Guns on Campus: What Power Does Your Board Have to Prohibit Them?

By Lawrence White    //    Volume 21,  Number 2   //    March/April 2013

The overwhelming majority of the 4,500 degree-granting colleges and universities in the United States have policies in place that prohibit the carrying of firearms on their campuses. Today, however, there is a move afoot in some state legislatures to take away the discretion of institutional governing boards to determine for themselves whether guns should be permitted on campus.

Three states—Colorado, Utah, and Virginia—statutorily prohibit college and university governing boards from banning guns on their campuses. Legislation has been introduced in a dozen other states that would remove the power of higher education governing boards to enact weapons restrictions policies or that would guarantee the right of faculty and staff to carry concealed weapons on campus.

Statistics show that college campuses are extraordinarily safe. In 2011, a campus security report prepared by the U.S. Department of Education showed that the overall homicide rate at postsecondary education institutions was 0.08 per 100,000 students. By comparison, a 2011 U.S. Justice Department study calculated the criminal homicide rate in the United States as a whole to be 13.4 per 100,000 persons ages 18 to 24. That means that the homicide rate among college-age persons is approximately 165 times greater off-campus than on-campus—an extraordinary difference. That could be the impact of weapons bans on campus. Or maybe other factors explain the disparity.

These data notwithstanding, we as a society remain ambivalent about weapon prohibitions. According to a survey conducted for the Huffington Post’s “College” Web site in December 2012—shortly after the murders of seven people on a college campus in Oakland, California, and 20 first-grade students in an elementary school in Newtown, Connecticut—our nation is evenly divided on the question of whether persons should be entitled to carry concealed weapons on college campuses. The survey reported that “Americans are split evenly at 43 percent for and against when asked whether people with proper permits should be allowed to carry concealed guns on college campuses. … Forty-five percent said banning guns was more likely to keep a campus safer, with 33 percent saying they’d be safer if more students and faculty were packing heat.”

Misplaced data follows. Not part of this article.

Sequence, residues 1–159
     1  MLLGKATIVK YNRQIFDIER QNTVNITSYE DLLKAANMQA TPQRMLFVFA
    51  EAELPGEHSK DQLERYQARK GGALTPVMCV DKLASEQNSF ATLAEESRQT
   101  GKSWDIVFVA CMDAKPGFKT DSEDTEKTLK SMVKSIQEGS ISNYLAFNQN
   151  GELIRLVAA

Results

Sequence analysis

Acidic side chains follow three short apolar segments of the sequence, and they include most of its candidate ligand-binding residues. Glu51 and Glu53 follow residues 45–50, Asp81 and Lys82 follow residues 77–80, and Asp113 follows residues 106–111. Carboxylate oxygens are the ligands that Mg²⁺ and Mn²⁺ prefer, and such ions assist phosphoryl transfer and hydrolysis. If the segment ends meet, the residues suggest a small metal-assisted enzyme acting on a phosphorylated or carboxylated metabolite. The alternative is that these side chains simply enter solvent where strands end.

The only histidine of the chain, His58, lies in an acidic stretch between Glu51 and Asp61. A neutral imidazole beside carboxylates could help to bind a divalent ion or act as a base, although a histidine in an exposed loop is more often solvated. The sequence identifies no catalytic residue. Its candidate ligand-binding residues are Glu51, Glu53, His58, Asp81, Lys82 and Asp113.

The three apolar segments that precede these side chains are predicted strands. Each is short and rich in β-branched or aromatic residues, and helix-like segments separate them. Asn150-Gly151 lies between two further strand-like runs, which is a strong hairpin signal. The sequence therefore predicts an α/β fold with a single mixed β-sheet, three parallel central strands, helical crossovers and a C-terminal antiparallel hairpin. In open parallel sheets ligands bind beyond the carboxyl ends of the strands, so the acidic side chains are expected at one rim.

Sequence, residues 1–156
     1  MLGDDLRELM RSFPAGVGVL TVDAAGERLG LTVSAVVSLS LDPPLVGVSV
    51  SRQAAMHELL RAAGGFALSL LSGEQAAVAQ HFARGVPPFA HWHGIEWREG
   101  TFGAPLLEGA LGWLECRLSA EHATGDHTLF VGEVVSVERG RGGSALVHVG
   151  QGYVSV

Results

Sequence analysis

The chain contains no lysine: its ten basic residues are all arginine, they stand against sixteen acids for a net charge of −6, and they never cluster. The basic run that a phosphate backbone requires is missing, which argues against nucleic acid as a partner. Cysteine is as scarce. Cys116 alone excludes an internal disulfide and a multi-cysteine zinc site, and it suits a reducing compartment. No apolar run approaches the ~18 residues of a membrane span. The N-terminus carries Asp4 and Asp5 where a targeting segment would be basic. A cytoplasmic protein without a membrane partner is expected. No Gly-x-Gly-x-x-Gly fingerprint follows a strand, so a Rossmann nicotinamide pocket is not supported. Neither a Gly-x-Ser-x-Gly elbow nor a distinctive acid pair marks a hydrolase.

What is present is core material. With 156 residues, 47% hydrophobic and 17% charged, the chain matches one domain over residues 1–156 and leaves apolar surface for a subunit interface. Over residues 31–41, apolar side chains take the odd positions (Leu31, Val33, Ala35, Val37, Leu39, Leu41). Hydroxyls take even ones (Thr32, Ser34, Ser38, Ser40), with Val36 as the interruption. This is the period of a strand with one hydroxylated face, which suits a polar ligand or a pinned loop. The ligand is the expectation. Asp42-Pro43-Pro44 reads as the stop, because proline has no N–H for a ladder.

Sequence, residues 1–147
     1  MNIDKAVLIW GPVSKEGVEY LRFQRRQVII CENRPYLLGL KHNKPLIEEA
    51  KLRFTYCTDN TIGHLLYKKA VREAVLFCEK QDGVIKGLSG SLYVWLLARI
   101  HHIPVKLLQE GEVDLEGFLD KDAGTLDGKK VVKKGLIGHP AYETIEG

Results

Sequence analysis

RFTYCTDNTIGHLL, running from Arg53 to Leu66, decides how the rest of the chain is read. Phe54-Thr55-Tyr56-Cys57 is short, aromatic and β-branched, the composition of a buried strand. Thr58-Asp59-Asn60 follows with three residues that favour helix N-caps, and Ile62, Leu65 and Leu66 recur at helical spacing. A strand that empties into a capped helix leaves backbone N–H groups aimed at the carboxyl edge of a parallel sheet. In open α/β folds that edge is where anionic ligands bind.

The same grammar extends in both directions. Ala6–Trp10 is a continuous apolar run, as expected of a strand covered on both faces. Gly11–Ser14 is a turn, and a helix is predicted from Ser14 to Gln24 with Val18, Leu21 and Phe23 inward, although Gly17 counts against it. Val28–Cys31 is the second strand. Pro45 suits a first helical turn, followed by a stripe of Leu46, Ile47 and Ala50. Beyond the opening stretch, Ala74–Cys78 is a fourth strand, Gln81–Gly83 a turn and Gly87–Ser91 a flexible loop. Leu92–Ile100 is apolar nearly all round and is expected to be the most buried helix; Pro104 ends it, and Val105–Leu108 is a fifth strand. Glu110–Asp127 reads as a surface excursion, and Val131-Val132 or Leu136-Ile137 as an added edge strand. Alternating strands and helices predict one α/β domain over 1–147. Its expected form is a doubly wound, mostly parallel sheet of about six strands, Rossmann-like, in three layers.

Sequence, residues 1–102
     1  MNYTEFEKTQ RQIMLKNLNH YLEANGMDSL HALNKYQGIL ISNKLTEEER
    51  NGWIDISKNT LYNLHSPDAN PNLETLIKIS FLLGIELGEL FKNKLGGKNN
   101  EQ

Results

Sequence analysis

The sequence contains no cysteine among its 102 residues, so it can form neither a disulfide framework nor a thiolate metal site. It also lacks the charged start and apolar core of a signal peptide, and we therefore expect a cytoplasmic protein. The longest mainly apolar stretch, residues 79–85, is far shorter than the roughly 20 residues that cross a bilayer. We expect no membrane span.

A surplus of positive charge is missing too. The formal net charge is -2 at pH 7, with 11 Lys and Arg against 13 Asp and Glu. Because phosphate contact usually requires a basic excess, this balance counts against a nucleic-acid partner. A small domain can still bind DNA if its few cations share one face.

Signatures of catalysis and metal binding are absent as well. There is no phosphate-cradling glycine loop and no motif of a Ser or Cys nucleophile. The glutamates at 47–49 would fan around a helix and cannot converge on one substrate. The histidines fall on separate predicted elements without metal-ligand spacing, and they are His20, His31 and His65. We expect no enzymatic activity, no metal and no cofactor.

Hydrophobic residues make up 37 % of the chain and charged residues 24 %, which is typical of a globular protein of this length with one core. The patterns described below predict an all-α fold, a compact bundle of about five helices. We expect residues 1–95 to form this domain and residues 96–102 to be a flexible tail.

In District of Columbia v. Heller, a landmark case decided five years ago, the U.S. Supreme Court ruled that the Second Amendment to the United States Constitution protects an individual’s right to possess a firearm for traditionally lawful purposes. Heller has spawned lower-court decisions eliminating or qualifying the right of institutional governing boards to adopt policies regulating possession of weapons within campus boundaries. In September 2011 the Oregon Court of Appeals overturned a longstanding policy of the state university system that prohibited guns on campus, making it legal for any person with a concealed-weapon permit to possess firearms anywhere on public college grounds. Six months later, in a case brought by a group calling itself Students for Concealed Carry on Campus, the Colorado Supreme Court invalidated a University of Colorado policy banning guns from campus.

Until recently, gun control was not a national policy issue for higher education, and even today—as we can see from the rhetorical heat generated on both sides of the debate by President Obama’s gun-control initiative—it is a difficult subject to address rationally and constructively. From the perspective of governing boards, the notable feature of state legislative efforts so far is the extent to which those efforts collide with governing board prerogatives and traditional notions of institutional autonomy. Prohibiting a board from adopting a particular institutional policy may strike some board members as legislative overreach. Regardless of where your college or university is located, the issue is coming to state legislatures and state courts near you, and now may be a propitious moment to review pertinent institutional policies and pending legislative proposals with your legal counsel.